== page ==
Many Canadians presume their universal health care system provides equitable opportunity and access to health, yet this is not necessarily the case, especially for marginalized populations. The purpose of this paper is to conceptualize how marginalized, yet resilient, communities are able to build capacity and contribute to their own learning about health.
Environmental scan, state of the field review and community consultations on a national scale.
For adults living in rural and remote areas that fall below health norms, health knowledge and care is often not enough to build capacity and support resilient communities. More learning needs to be done by all members of community and government.
Consultations with selected members of marginalized populations and their service providers reveal a cross‐community, cross‐sector and cross‐government focus on addressing the social determinants of health is needed to increase individual capacity.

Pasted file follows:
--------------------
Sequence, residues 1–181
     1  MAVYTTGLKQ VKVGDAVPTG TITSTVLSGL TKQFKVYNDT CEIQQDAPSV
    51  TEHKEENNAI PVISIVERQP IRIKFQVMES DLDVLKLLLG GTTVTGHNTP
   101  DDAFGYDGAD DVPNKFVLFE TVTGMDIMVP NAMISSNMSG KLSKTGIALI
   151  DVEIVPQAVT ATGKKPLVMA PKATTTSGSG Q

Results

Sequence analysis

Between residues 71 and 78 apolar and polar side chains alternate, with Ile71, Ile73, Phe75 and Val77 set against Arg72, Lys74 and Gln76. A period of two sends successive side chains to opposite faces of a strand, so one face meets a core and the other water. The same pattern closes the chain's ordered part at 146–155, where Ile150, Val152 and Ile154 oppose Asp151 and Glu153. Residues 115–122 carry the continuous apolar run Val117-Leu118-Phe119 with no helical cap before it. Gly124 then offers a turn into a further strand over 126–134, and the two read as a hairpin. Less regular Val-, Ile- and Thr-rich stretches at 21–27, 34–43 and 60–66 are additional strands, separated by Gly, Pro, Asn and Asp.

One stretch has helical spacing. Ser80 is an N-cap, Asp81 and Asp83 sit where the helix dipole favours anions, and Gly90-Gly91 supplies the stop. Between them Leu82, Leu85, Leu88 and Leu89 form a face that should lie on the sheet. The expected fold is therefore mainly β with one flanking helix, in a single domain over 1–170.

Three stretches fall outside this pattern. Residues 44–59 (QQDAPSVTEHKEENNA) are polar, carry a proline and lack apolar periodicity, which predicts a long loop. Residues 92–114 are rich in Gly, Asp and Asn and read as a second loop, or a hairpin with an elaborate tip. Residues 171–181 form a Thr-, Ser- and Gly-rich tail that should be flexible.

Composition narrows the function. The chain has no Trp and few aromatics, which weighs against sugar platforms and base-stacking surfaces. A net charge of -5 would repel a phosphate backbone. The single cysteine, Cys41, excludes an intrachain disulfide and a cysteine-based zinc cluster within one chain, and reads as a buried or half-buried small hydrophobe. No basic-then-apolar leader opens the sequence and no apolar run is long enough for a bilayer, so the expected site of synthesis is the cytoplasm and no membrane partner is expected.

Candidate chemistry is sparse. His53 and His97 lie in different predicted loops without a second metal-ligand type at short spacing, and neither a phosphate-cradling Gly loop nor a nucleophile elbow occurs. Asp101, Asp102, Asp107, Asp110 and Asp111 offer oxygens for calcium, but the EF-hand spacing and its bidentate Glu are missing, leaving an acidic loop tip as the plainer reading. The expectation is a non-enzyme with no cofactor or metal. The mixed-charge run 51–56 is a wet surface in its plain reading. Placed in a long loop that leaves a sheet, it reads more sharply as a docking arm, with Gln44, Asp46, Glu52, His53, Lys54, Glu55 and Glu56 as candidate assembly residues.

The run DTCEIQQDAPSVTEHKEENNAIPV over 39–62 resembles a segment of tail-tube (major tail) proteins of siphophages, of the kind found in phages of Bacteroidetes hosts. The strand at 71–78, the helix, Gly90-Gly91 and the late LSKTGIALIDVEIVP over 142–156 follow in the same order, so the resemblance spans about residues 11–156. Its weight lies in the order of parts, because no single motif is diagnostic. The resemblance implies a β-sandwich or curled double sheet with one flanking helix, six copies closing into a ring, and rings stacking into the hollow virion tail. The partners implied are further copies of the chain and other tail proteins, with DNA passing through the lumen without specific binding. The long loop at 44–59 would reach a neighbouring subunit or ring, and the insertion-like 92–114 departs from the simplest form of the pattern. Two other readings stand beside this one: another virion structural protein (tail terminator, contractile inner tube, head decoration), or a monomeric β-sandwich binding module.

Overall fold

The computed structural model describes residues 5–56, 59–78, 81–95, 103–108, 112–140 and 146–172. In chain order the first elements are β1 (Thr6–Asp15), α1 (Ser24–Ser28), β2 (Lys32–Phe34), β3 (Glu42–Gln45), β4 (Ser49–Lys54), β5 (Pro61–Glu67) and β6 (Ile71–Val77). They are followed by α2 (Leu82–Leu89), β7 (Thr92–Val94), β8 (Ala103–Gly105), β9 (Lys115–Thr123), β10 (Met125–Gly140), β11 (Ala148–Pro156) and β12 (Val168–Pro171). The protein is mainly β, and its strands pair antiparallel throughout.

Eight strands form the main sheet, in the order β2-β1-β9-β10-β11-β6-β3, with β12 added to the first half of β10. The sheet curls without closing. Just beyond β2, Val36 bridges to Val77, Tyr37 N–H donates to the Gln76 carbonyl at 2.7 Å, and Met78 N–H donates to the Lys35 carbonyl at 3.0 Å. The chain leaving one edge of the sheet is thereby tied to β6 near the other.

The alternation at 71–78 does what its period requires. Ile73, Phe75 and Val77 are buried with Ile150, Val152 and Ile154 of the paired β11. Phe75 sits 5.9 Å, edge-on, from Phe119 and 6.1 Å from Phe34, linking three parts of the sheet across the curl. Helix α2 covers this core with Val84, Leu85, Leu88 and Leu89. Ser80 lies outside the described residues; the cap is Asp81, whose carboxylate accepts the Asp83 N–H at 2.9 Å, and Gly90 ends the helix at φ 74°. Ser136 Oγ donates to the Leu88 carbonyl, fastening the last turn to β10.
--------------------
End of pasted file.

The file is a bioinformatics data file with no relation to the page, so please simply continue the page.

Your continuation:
Consultations with community members and their service providers reveal rich information about the state of health and learning in selected areas across Canada. Using literature on health and learning as a framework, this paper discusses challenges and promising practices in terms of participants' abilities to sustain their own and their communities' health and learning.
Kraglund‐Gauthier, W., Folinsbee, S., Allan Quigley, B. and Grégoire, H. (2009), "Re‐conceptualizing health and learning in terms of community resilience and enterprise", Journal of Enterprising Communities: People and Places in the Global Economy, Vol. 3 No. 4, pp. 405-414. https://doi.org/10.1108/17506200910999147Download as .RIS
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